Musings on Music and Ableism (Inspired by Kanye West)

There are several adjectives which come to mind when the topic of the hour is Kanye West, and this week, media reports have added a new one: ableist. During a concert in Melbourne, Australia on Friday, West refused to perform until everyone in the stadium stood. He reportedly went as far as to check ID to verify that those not standing were actually disabled. Now, there are many things wrong with this situation.

1) It’s none of his business why a given person chooses to not stand during his concert. If someone has paid for A SEAT, they have the right to sit in it.

2) Not everyone who has a disabling medical condition is considered “disabled” on paper, and wouldn’t have “proof” to show anyone. My chronic pain means that sometimes I’m exhausted and just can’t stand for long periods of time. Do I have documentation saying I benefit from sitting to regain some energy? Nope. And neither do many others.

3) It is obscenely invasive to assume that people need to prove anything to attend a music performance.

The thing is, though, that even though this latest demonstration of insensitivity is pretty awful (and it really is, no question), we’re absolutely fooling ourselves if we believe Kanye West is the first and last (or even the worst) example of ableism in live shows.

I mean, for the audience member who uses a wheelchair to enter the Qantas Credit Union Arena at all implies that it’s at least wheelchair accessible in the first place. How many performers or their promoters book gigs in spaces that aren’t accessible at all to people in chairs? How many small-scale music venues can we name, without even thinking about it, which are basement or second-floor establishments, with no elevator? Even if a space has ground-floor access, where are the washrooms located? Are we telling physically disabled/chronically ill people that only those who can make it into these spaces, only people who never have to pee, have the privilege of enjoying live music?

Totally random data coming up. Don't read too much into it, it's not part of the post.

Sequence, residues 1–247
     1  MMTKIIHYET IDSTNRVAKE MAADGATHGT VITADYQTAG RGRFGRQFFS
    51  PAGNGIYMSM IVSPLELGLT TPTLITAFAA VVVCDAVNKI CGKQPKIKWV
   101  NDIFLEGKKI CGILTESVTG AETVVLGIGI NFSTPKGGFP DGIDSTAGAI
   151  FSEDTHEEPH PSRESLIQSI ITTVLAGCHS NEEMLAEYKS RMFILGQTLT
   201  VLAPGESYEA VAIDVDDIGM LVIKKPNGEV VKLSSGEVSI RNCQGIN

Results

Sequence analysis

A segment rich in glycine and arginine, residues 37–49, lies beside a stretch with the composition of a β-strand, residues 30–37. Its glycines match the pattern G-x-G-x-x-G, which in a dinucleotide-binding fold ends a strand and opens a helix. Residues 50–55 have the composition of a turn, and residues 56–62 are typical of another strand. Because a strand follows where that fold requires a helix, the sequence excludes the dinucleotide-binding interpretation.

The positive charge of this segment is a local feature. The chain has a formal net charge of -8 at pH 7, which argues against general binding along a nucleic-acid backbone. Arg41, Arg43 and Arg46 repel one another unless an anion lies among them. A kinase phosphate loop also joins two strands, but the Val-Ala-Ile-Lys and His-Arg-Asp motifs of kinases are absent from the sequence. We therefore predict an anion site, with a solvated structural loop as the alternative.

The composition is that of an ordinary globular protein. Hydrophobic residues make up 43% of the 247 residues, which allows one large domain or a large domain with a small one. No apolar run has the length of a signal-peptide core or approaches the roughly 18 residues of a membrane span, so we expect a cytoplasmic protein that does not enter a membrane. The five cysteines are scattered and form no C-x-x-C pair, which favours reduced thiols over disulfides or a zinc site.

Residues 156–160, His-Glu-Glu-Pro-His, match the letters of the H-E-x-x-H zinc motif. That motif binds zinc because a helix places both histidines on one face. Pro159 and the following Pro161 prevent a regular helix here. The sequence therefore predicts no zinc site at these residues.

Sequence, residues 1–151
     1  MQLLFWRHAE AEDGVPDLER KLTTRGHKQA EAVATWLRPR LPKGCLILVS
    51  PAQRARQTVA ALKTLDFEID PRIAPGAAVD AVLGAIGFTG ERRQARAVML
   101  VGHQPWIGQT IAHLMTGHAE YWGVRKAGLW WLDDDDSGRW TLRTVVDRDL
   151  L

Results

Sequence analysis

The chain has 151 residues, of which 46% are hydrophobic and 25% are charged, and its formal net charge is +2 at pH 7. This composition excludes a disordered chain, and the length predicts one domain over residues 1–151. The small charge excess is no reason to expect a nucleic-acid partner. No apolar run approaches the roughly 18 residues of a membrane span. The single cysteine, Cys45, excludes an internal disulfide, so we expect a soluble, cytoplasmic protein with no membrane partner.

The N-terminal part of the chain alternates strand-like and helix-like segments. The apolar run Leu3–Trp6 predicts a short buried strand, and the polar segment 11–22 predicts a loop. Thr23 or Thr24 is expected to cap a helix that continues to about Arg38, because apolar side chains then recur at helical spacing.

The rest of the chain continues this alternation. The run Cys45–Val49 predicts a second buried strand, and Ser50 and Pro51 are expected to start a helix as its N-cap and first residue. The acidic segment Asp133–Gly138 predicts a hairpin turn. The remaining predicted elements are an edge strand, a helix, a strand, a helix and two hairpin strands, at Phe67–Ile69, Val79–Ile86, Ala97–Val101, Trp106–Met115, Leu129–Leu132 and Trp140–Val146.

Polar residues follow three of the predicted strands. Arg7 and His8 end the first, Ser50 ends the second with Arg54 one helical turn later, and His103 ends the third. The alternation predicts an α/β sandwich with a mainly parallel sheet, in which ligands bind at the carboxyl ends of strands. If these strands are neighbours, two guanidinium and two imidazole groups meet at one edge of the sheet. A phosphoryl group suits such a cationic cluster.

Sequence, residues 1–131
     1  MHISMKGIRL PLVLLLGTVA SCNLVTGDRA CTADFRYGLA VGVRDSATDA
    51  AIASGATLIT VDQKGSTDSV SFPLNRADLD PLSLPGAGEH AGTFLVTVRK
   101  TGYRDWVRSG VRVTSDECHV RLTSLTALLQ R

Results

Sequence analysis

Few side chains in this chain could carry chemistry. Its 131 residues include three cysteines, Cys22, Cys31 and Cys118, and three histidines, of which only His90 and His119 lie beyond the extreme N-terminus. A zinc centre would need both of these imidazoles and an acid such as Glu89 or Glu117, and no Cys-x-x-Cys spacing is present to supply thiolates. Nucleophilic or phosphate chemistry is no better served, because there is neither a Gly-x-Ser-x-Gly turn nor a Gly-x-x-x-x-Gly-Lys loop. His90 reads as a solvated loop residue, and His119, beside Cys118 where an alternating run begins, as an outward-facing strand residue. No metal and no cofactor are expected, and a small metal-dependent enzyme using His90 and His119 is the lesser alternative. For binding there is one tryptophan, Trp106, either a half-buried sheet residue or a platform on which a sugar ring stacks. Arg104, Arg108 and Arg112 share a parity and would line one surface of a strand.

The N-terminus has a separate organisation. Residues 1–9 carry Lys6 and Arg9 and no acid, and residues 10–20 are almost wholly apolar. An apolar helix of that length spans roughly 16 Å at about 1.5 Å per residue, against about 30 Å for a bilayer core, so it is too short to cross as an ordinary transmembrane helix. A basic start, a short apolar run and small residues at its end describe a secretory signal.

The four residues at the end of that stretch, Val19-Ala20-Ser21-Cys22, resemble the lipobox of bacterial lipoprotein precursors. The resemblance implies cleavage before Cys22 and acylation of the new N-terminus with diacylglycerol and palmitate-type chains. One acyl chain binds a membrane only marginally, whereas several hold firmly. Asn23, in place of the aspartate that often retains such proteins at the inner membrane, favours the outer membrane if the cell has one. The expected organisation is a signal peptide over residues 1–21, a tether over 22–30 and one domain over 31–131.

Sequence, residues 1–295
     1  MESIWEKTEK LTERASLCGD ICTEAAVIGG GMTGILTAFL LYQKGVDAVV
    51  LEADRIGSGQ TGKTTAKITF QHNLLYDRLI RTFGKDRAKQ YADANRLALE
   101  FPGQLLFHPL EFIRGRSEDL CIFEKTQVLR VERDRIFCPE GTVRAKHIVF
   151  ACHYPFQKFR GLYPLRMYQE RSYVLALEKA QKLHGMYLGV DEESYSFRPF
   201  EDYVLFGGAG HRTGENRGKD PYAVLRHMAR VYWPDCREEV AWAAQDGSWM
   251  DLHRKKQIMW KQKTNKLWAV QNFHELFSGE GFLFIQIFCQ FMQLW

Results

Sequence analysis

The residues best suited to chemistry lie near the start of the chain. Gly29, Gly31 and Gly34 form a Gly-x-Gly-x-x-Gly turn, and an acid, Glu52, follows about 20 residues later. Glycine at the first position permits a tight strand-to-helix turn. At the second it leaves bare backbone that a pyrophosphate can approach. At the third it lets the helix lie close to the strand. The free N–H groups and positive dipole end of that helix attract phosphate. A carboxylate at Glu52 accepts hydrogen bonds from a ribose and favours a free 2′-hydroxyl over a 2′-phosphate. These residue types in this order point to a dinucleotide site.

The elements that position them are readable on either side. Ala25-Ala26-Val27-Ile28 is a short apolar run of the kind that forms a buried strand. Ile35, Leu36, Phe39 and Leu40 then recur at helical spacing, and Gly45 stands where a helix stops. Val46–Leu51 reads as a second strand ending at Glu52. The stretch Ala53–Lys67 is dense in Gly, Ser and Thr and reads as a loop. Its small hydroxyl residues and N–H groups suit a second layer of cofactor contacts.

Yeah, we totally are.

Every time someone opens a new club and doesn’t insist on ground-floor washrooms and a slight ramp to get over the lip at the door, they’re telling disabled people that they’re not welcome.

I get it. Space is at a premium, and there are many factors that go into renting venues for long-term occupancy and for one-off events. Sometimes, in older buildings, increasing accessibility is cost-prohibitive. It can cause serious hardship for event promoters who are doing their best to provide what they can for as low a cost as they can offer. But it’s still a problem, no matter the justification.

Kanye West was 100% in the wrong. But before you jump on the accusatory bandwagon, take a minute to think about who else is doing exactly the same sort of thing. Then ask if you’ve thought to call them out as loudly as you do West.


“You’re obviously high-functioning autistic, though, right?”

I never know how to answer that question. Mostly because it’s a bullshit question. Today, I am not functioning very highly at all. I got up, woke up the kids, showered, and walked them to school. I spoke the entire way there, reassuring an anxious child that school would be okay today, and that they could do it. I left the school, and haven’t said a word since. 

This weekend, I was in a situation where I had to disclose my autism during a training session that had gone right off the rails for me. I was unable to attend to anything by that point because of my sensory defensiveness, and was struggling with a migraine, to boot. When I was required to figure out where to stand based on which metaphor resonated most with me as a response to a question, I was done. I sat down, disengaged, and waited for the activity to end. When the trainer asked for feedback, I explained that I was unable to participate in the activity because thinking in metaphors is a challenge on a good day and impossible on the day in question. 

And so she stated that I must be high-functioning. Because how else could I be in a teacher certification program? How else could I have been actively participating up to this point? How else could I not be rocking in a corner, banging my head against a wall? (believe me – that’s pretty close to what I wanted to be doing by then, but, well, time and place, right?) 

a) It’s none of your fucking business where my levels of “function” vs. “dysfunction” lie, unless it is directly relevant to you and unless I am comfortable sharing that information; 

b) I don’t think we have the same definition of “function.” My being able to play the neurotypical game doesn’t mean it doesn’t cost me more than I can afford at times. Yes, I am capable of accomplishing tasks in the way that the NT world requires. Can I do it at a sustained level without break? Not so well. 

Today, I’m at home, in bed. The last four days, I dealt with mind-killing pain. I walked for an hour and a half this morning, and can barely type this post now. “Too much” is relative, but wow, have I gone long past its definition for me.